Gary Wagner

Gary Wagner is an economics professor at the University of Louisiana at Lafayette.

Gary Wagner is a professor of economics at the University of Louisiana at Lafayette. He is also the Acadiana Business Economist/Board of Regents Support Fund Endowed Chair in Economics. He previously worked for the Federal Reserve.

I grew up in northeast Ohio about halfway between Cleveland and Pittsburgh. It was a pretty normal Midwestern childhood in the sense that I played a lot of sports year-round with other kids in the neighborhood and cousins. I would say my parents were probably the biggest influence in my life. They were always very supportive of whatever my brother and I were doing at the time.

I was a first-generation college student so I don't think I had my eye on bigger things when I started my career as a professor because I really did not know what to expect. I taught at the University of Arkansas at Little Rock, Duquesne and University of North Carolina. Moving around to some other universities has taught me a few things: First, other opportunities are available for anyone who is willing to work hard and does a good job; second, every place does things a little bit differently so I've tried to borrow the good lessons from all of the great people I've been lucky enough to work with over the years.

The UL position was attractive for several reasons. First, I see it as a blend between a traditional academic position (teaching, research, service) and the public role that I am working to develop to help strengthen UL's presence in the community and state. Believe it or not, it is pretty rare for a university to have a position that mixes these roles together. Second, I am the inaugural holder of the Acadiana Business Economist Endowed Chair position so that gives me a great deal of flexibility to mold the position rather than being forced into a direction that was established by someone else.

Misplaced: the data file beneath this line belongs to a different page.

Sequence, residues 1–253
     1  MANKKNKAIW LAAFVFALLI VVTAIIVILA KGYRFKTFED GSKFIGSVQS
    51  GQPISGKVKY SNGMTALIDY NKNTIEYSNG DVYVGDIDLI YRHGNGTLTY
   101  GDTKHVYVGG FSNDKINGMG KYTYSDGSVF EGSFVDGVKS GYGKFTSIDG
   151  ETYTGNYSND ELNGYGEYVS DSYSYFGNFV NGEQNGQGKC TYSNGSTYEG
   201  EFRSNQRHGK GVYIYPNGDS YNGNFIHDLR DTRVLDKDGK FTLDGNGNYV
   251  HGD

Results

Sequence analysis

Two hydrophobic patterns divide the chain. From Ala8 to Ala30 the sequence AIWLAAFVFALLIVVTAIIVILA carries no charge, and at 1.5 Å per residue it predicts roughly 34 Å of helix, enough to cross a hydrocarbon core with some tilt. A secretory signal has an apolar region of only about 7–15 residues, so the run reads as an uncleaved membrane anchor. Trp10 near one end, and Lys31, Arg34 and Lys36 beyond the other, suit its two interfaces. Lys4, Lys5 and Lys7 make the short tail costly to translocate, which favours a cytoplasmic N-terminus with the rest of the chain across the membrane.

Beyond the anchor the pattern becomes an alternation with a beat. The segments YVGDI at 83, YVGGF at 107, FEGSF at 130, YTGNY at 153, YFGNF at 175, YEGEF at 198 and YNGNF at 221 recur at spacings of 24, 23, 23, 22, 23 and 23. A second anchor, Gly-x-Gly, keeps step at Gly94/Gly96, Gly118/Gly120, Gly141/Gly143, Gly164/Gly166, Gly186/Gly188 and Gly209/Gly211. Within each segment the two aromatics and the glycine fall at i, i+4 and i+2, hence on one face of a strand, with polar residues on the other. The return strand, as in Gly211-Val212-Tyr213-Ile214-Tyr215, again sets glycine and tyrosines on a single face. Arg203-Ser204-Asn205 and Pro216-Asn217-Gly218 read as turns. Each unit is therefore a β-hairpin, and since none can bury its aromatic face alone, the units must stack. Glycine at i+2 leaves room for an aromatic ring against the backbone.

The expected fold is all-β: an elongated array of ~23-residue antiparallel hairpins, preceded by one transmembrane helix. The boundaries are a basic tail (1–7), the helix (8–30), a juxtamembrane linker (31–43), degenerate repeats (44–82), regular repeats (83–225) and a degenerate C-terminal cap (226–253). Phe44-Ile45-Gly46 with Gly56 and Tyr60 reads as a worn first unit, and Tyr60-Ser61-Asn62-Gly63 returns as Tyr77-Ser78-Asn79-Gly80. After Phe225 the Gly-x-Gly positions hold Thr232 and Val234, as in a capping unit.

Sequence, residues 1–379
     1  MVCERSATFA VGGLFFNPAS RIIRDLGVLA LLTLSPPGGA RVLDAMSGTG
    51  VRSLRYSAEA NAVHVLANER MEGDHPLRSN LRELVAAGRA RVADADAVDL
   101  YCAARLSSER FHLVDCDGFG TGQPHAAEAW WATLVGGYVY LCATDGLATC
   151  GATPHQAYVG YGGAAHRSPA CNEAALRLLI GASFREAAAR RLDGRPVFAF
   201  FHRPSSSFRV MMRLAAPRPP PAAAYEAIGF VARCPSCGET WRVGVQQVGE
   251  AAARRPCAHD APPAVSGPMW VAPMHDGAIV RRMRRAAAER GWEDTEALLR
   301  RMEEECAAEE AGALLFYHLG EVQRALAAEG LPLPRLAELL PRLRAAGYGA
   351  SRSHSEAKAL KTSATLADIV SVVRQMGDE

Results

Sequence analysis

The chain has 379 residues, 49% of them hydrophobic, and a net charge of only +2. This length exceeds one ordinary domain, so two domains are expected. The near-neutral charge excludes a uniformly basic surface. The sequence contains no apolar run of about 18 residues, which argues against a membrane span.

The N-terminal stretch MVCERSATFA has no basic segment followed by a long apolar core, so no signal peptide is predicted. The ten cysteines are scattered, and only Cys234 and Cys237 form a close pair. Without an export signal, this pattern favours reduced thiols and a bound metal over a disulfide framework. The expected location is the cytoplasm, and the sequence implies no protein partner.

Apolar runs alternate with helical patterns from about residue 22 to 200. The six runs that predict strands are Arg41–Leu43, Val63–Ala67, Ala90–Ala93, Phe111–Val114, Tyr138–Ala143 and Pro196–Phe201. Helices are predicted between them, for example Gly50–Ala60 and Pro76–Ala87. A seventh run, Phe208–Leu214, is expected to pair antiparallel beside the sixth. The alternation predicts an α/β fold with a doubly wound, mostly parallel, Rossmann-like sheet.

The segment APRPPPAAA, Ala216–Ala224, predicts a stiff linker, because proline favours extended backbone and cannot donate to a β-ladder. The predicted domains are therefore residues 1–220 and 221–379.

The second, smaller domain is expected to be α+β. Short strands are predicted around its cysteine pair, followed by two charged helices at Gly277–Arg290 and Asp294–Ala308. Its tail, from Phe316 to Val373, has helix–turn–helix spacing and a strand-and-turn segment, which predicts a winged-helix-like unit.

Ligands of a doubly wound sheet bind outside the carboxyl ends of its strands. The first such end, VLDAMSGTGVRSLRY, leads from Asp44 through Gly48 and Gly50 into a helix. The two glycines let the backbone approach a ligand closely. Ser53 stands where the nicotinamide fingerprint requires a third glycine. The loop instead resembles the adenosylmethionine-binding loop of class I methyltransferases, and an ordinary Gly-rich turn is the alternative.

The obvious weakness in Acadiana's economy is that we are still very dependent on the oil and gas industry. So while the industry offers very competitive jobs in terms of wages and benefits, the industry as a whole is very cyclical which means that Acadiana experiences more ups and downs than some other regions whose economies are based on less volatile industries. On the advantage side, I have been extremely impressed by the extent to which business and community leaders in Acadiana are willing to come together to find solutions to our region's challenges. 

The tax structure in Louisiana is fairly unique relative to other states and, unfortunately, it can be an obstacle to growth. As an example, we have two layers of administration for collecting sales taxes — one at the state level and one at the local level — so it is much more costly for us to collect the same amount of revenue as our neighboring states. In addition, sales tax rates often vary quite a bit within the same parish so this likely influences where existing firms and potential firms decide to locate and try to grow.

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